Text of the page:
Navigation Links
Scientists question the designation of some emerging diseases
Date:11/13/2012

The Ebola, Marburg and Lassa viruses are commonly referred to as emerging diseases, but leading scientists say these life-threatening viruses have been around for centuries.

In a perspective in the Nov. 9 issue of the journal Science, researchers including a professor at The University of Texas Health Science Center at Houston (UTHealth) say it would be more appropriate to refer to these viruses as emerging diagnoses.

"The infectious agents were identified around the middle of the 20th century but that does not mean that they were new," said Joseph McCormick, M.D., one of the authors of the perspective and regional dean of The University of Texas School of Public Health Brownsville Regional Campus, which is part of UTHealth. "Some of the viruses, including Lassa and Ebola, have been around for thousands of years."

The viruses burst onto the scene in the 1960s when outbreaks decimated areas of west and central Africa. The viruses can lead to hemorrhagic fever, a condition characterized by bleeding, shock, vomiting and diarrhea. In severe cases, the death rate may reach 90 percent.

These viruses thrive in animals - not humans. But people can get the viruses if they come in contact with infected animals or are exposed to virus-infected fluids or tissues. Infected people are moderately contagious with person-to-person transmission only through direct contact with infectious fluids such as blood or urine. Patients with Lassa virus can be successfully treated by antiviral medications.

With the aid of epidemiologic, ecologic and genetic studies, researchers have learned that these viral hemorrhagic fevers are endemic in several areas of Africa. And, the Ebola viruses are endemic in other parts of the globe.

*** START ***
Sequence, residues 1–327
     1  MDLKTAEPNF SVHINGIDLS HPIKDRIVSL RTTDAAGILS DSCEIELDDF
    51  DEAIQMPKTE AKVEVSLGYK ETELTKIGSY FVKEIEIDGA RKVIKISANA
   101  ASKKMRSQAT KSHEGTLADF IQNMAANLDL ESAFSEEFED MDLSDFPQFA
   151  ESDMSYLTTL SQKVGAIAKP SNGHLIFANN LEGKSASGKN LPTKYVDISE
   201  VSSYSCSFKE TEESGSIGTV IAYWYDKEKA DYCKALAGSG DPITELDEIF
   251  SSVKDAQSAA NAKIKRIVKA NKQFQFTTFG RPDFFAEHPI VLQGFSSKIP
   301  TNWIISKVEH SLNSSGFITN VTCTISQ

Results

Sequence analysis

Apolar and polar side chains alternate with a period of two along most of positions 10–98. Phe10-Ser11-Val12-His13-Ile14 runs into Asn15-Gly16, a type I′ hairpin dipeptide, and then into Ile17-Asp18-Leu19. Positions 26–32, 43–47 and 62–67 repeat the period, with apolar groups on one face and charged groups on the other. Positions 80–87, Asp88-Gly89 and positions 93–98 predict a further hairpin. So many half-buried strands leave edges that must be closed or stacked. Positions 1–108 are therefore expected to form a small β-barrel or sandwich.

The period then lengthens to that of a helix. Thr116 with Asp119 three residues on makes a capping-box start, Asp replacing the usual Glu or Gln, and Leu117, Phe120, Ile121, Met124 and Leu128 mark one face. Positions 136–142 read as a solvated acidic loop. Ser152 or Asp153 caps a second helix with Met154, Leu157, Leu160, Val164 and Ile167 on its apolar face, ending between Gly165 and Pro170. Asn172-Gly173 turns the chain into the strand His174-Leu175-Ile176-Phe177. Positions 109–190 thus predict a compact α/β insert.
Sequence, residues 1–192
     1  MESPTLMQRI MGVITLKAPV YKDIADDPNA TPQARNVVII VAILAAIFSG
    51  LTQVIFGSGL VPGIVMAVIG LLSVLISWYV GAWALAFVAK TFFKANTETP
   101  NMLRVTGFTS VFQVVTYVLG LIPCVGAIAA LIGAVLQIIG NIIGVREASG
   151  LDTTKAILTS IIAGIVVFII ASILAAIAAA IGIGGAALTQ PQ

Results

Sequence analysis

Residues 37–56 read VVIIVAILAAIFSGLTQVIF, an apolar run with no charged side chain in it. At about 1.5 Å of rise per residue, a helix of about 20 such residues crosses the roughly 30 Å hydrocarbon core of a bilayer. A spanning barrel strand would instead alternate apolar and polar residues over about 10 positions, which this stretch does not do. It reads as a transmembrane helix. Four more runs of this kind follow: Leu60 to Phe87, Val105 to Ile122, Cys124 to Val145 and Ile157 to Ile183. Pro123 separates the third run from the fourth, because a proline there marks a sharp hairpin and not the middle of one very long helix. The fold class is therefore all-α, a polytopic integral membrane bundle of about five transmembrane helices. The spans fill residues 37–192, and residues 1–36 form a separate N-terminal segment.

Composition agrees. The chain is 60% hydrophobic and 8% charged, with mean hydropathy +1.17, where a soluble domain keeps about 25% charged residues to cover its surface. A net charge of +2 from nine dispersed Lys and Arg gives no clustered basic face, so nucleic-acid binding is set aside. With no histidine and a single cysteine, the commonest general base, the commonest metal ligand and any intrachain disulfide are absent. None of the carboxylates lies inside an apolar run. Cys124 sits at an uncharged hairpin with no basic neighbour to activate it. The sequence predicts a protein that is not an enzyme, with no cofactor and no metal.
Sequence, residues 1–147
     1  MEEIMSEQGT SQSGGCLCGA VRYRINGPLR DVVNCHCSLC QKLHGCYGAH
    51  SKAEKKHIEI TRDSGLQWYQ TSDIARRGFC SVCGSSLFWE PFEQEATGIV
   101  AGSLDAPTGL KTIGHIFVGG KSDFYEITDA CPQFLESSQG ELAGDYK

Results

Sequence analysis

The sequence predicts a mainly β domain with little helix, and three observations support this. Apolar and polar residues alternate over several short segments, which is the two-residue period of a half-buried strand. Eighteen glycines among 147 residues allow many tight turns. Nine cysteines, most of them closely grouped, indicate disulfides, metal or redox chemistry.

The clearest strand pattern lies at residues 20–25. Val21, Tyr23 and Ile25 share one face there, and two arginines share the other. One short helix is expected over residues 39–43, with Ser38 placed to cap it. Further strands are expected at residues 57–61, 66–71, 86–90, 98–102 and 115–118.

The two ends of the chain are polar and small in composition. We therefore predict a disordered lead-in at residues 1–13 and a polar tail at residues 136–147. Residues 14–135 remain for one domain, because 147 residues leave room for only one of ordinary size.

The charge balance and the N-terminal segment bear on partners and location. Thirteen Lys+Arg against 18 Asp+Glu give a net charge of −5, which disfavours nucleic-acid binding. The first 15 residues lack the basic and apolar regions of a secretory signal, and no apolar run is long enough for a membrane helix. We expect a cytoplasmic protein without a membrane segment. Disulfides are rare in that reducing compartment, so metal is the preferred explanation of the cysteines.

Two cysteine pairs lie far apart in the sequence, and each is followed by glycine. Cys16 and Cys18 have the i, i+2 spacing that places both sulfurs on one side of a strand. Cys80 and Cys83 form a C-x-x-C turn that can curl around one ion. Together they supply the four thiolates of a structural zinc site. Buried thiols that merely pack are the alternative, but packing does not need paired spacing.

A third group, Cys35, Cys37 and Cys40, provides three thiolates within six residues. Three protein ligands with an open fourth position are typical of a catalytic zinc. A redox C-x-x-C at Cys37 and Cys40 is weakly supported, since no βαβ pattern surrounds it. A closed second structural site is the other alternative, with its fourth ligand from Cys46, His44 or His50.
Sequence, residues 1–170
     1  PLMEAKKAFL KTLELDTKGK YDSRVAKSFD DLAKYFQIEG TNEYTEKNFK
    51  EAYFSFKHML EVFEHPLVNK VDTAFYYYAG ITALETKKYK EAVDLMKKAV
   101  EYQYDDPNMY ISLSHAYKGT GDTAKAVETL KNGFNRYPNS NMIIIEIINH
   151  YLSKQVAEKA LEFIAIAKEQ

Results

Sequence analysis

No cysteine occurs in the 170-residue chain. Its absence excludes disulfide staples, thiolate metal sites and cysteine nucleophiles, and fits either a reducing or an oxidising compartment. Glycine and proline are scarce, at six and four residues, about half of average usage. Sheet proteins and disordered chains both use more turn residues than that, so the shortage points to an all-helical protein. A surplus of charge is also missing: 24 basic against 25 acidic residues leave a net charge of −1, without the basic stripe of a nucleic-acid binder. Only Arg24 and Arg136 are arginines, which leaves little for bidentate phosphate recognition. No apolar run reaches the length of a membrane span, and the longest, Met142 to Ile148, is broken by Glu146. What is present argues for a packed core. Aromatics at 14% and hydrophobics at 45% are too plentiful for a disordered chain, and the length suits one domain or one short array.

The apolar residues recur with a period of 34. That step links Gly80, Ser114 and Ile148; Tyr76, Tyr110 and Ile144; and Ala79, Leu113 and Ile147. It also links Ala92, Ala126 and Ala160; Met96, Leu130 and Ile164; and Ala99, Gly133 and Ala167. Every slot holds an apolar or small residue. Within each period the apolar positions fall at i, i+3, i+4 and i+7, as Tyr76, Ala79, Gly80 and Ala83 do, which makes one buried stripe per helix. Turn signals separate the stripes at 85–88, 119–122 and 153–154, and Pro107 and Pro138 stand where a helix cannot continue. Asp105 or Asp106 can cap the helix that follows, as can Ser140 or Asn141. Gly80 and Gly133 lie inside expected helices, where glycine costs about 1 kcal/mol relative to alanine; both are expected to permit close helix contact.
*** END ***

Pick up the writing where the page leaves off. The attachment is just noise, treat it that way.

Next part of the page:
"The Arenavirus family of viruses that occur on many continents, of which the African Lassa virus is a member, is an ancient family of viruses that have likely evolved along with their rodent hosts over millions of years," said McCormick, former chief of the Special Pathogens Branch of the Centers for Disease Control and Prevention.

So what would designating the viruses as emerging diagnoses mean?

"It means that these viruses have lurked as enzootic viruses in the environment and that their 'discovery' was related to the scientific capacity to make the diagnosis rather than their 'emergence,''' McCormick said. "However, it also means that we also now know more about the risks of encountering them and therefore, how to identify those who may be at risk for infection."

He said the designation would aid in the diagnosis. "Now that we understand more about their ecological niches and geographical distribution, we know more about how to avoid them. We also know more about how they cause disease and we may be able to improve treatment and seek vaccines. All of this information will lead to a more proactive approach for detection and prevention," McCormick said. "Antibody tests now allow public health officials to gauge the exposure of the public to these viruses."

With this information, McCormick, the James H. Steele Professor of Epidemiology at the UT School of Public Health, said public health officials could develop strategies for prevention and mitigation of epidemics that have characterized these viruses in the past.

McCormick said that with the ease and rapidity of global transportation, it is also important for caregivers in other parts of the world to familiarize themselves with the signs and symptoms. "The symptoms in the early stages are fever, headache and nausea and can easily be misdiagnosed as the flu," said McCormick, adding that physicians need to ask about the travel history of feverish patients.